Question of ethics

April 2018

Solicitors' duties in Advocates Graduated Fee Scheme matters

Q. I am acting for a client in a complicated crown court matter, and the chambers I generally instruct on such matters is refusing to take on new work in protest at the Advocates Graduated Fee Scheme (AGFS). I have contacted some other local chambers, but I am struggling to find a replacement. This could leave my client with no trial advocate.

I have seen from the press that this is becoming a major problem in these types of cases, with some trials having been adjourned. What is your advice?

You have a duty to act in your client’s best interests (Principle 4), and under Principle 1, to uphold the rule of law and the proper administration of justice. You also have a duty, detailed in Chapter 7 of the SRA Code of Conduct 2011, to assess any potential risks to compliance and to have in place systems to address issues identified.

To ensure compliance you are advised to make proper efforts to find a replacement advocate, whether it be a different barrister, or a solicitor advocate. You should document all such efforts made.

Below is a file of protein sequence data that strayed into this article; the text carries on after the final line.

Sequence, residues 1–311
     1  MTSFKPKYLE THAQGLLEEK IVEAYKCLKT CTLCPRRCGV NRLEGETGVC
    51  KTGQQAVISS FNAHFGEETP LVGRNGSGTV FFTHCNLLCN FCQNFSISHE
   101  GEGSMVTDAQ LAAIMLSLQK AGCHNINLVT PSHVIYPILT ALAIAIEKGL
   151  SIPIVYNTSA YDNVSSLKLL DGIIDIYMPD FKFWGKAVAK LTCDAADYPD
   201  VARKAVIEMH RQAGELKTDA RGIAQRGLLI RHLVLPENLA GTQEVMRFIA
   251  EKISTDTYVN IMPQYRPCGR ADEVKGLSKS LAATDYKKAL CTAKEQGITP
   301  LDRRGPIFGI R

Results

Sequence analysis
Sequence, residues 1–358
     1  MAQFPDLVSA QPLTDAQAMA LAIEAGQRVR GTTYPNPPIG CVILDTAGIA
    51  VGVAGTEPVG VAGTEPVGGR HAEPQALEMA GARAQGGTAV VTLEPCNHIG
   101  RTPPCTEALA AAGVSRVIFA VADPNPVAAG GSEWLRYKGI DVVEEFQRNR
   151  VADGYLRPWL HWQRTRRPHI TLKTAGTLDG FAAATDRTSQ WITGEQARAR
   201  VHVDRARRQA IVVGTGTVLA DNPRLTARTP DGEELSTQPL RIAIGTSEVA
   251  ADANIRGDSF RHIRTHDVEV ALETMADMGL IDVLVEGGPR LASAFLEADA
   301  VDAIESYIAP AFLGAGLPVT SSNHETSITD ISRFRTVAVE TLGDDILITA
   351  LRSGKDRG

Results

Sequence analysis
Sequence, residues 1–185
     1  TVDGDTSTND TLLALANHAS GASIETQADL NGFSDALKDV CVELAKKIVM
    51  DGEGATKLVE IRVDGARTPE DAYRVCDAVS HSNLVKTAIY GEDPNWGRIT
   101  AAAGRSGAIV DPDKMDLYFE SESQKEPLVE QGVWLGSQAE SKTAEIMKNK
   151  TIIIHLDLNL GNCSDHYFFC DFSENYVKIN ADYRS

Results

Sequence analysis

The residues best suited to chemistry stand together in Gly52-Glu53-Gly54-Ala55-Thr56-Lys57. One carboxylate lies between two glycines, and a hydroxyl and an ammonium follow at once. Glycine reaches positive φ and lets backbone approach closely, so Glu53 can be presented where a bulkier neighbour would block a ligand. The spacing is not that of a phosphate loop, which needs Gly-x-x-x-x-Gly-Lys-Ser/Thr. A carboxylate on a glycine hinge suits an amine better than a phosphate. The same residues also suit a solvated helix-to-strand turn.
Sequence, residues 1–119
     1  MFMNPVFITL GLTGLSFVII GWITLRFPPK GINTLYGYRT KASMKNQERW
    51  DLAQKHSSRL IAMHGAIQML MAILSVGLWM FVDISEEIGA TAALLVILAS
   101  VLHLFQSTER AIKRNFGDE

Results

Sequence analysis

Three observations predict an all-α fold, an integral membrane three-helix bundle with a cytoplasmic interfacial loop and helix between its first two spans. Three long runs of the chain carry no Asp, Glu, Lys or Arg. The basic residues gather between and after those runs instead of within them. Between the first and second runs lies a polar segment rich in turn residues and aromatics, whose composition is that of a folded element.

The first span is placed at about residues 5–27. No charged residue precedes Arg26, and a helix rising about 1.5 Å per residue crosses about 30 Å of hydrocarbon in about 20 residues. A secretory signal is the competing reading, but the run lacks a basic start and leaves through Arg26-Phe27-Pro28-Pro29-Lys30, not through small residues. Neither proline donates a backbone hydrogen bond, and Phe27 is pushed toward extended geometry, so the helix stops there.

• If your first-choice counsel is declining work, you should contact as many alternative chambers as possible to establish whether they are taking part in the current action.
  • You should explain your difficulties to the court and the prosecution at the earliest opportunity, to assist with proactive case management.
  • If you employ solicitor advocates, they should be utilised where they have both the skills and resources to take the work on (see Outcome 1.4).
  • If you have been unable to locate an advocate and the court is unwilling to adjourn, you may need to assist the client to represent themselves as best they can. As you are on the record you should attend court with the client, explain the situation to the court and offer any support you can to the client during the hearing.

Although you have a duty to act in your client’s interests you also have a duty to uphold the rule of law and the proper administration of justice and that would include making every effort to ensure court hearings take place when tabled, unless adjourned with the agreement of the court. It may be helpful to explain this to your client.

Where you haven’t yet taken on a case, we would advise you to:

  • Consider your position and the contingencies you have in place
  • Clarify with your client what your retainer covers whether advice, representation, advocacy
  • Discuss the possibility of unavailability of counsel and viable alternatives

It would not be acting in the clients interests to take a matter on knowing you are likely to be unable to complete it on their behalf. Should you be considering limiting your retainer then please read our previous warning notice issued in 2015.

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